This article gives an overview of an instructional framework that takes students through the four components of inquiry: engage, explore, explain, and extend. The author describes the central aspects of each inquiry phase, the types of questions students might consider, assessments that check readiness to progress to the next level, and what reflective teacher practice might look like at each phase.
Engaging the learner through a hook, mind capture, or perturbation does effectively initiate the learning process, but engaging students in inquiry-based learning is more involved than just considering student motivation. The engage phase of inquiry includes all of the following aspects: (1) probing prior knowledge; (2) identifying alternatives or misconceptions; (3) providing motivation and interest-inducing stimuli; and (4) developing scientific questioning (fundamental to both science and math classes).
Teacher intentionality is critical for determining the degree that each aspect is emphasized in a given lesson. For instance, if the lesson or unit is inherently highly motivating, then you might best spend your time focusing on revealing students' prior knowledge or misconceptions.
Effective questioning is critical during all phases of inquiry-based learning. Effective questions to guide teacher facilitation during the four aspects of the engage phase include the following:
What do you know about _____?
What have you seen like this?
What have you heard about _____ that you aren't sure is true?
What would you like to investigate regarding _____?
Formative assessments can provide content-rich scenarios to check your students' understanding and help decide when to move on in the unit. Formative assessments for the engage phase might include a discrepant event (i.e., a surprising or startling science demonstration that powerfully piques students' curiosity), a pre-test to gauge misconceptions, formative probes (Keeley, Eberle, & Farrin, 2005), or KWHL charts (van Zee, Iwasyk, Kurose, Simpson, & Wild, 2001). A KWHL chart is a graphic organizer that facilitates learning by having students answer the following questions:
What do I know?
What do I want to know?
How do I find out?
What have I learned?
The more commonly known KWL chart leaves out a fundamental step for science and mathematics education that asks students to articulate how the investigation and learning will take place—for example, designing a procedure in science or a solution path in mathematics. When teachers reflect on what has occurred during the engage stage, they gain valuable information that informs their decisions for the next steps of instructional practice. For instance, by asking yourself, what did my students' prior knowledge tell me about their readiness to learn?, you are challenged to address specific student needs before plowing through more material.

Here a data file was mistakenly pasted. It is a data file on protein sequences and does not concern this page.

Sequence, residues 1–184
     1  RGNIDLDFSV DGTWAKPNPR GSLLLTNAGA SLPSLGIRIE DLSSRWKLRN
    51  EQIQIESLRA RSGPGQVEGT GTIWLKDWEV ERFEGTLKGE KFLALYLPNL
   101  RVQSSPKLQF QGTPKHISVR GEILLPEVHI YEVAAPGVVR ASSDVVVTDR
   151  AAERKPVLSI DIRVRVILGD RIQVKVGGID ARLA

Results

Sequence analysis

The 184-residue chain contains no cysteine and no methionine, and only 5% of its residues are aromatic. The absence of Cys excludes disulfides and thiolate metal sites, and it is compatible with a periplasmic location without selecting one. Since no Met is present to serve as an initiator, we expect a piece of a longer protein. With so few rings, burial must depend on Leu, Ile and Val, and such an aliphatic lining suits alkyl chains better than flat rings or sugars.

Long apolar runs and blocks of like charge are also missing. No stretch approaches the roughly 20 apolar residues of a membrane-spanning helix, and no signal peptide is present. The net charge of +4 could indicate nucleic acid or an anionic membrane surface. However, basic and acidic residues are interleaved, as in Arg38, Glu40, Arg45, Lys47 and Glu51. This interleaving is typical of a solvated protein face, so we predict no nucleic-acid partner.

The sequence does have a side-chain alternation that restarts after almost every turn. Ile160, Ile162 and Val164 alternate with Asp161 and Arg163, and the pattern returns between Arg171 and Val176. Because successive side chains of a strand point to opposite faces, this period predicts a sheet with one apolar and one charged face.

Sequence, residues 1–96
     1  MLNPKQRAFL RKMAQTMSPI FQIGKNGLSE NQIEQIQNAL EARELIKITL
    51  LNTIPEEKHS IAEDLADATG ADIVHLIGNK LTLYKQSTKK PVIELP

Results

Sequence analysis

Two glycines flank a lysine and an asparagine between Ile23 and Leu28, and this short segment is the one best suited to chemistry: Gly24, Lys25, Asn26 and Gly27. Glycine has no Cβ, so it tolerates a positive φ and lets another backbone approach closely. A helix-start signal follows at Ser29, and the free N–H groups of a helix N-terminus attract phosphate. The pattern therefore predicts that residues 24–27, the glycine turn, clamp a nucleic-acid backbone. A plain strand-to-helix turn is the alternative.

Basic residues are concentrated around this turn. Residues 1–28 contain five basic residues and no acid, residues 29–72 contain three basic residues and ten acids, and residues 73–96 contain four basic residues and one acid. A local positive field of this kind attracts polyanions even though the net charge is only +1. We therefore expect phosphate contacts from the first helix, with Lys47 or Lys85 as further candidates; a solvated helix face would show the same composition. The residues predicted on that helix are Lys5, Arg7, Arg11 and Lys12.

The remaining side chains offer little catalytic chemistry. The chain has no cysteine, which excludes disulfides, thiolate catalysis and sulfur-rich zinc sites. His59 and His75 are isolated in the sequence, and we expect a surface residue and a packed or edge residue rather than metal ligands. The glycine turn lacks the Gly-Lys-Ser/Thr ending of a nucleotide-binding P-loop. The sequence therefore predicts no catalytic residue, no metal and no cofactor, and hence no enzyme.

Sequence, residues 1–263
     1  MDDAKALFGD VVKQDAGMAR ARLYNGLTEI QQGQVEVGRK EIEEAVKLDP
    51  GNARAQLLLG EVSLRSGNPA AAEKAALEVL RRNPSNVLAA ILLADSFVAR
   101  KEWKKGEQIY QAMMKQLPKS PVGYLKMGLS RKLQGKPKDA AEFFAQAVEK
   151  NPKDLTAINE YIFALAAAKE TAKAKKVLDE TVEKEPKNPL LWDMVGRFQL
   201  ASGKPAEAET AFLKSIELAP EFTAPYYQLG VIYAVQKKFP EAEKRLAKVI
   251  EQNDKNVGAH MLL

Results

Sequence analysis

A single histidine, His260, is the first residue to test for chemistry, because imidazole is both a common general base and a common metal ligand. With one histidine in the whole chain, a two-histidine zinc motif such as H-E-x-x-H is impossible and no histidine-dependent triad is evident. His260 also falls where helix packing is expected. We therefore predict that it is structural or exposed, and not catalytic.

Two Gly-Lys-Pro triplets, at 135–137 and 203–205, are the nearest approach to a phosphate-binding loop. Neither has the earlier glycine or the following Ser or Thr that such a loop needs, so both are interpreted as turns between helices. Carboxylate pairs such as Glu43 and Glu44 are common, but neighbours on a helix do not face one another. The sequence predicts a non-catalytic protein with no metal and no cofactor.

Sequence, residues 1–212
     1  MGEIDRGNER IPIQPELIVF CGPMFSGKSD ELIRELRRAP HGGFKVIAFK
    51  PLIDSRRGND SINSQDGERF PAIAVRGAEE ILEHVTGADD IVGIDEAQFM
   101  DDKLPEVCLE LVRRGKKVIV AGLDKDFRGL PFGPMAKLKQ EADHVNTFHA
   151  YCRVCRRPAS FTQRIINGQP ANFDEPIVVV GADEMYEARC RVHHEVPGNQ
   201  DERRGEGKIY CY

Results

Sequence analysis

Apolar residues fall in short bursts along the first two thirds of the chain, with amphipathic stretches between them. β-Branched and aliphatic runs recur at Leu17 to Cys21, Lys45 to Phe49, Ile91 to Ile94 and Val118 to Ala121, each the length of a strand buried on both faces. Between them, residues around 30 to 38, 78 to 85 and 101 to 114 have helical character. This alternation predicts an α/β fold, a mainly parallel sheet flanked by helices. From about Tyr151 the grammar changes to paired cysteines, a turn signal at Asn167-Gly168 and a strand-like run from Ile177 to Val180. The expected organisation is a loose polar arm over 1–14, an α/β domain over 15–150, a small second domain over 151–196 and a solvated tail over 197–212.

Once you and your class have successfully navigated the engage stage, you can lead students into the explore phase. Note, however, that sometimes you might omit the engage stage. For instance, if a previous lesson in the unit uncovered the students' prior knowledge, or if the goals of the engage and explore phases can be collapsed into one instructional activity, then you may begin a lesson with the explore phase. The key aspects that define the explore phase include actively involving students in one or more of the following activities: predicting, designing, testing, collecting, and reasoning (Achieve, 2012; National Governors Association Center for Best Practices & Council of Chief State School Officers, 2010; National Research Council, 2012).
Effective questions that help guide students through the explore phase include the following:
What if …?
How can you best study this question or problem?
What happens when …?
What information do you need to collect?
Why did you choose your method to study the question or problem?
Formative assessments can be contextualized into knowledge- or process-centered domains that focus on the individual, small groups, or whole class. Furthermore, formative assessment and reflective practice become meaningfully intertwined when individual responses are united with small- and large-group discussions. A common example is the think-pair-share learning strategy (Lyman, 1981).
Often teachers limit themselves to a fairly passive observational role when assessing student progress during explore. Although it may be beneficial to let students wade in the muck at times, you may want to assume a more active role by providing guided prompts to encourage individuals or groups to think more deeply about the investigation at hand. For instance, you could ask groups of students to describe the procedure that they intend to follow, and then have them tell you how this approach will help answer the study question. Doing so encourages students to slow down and think about how they interact with the content and what their thought processes are.
Reflective practice during the explore phase may begin by reviewing individual student entries in science or math journals or by considering students' proficiency in responding to their completion of the H portion of the KWHL chart ("How do I effectively study this question or problem?"). For example, if you learn that data collection seems problematic for your science class, then you might initiate a brief discussion with small groups that focuses on how to gather data in meaningful ways.
During the explore phase, process skills are emphasized as students grapple with ideas. During the explain phase, content becomes central while the process skills are used to support higher-order thinking such as interpreting, justifying, and analyzing. In this explore-before-explain model, students from diverse backgrounds and abilities now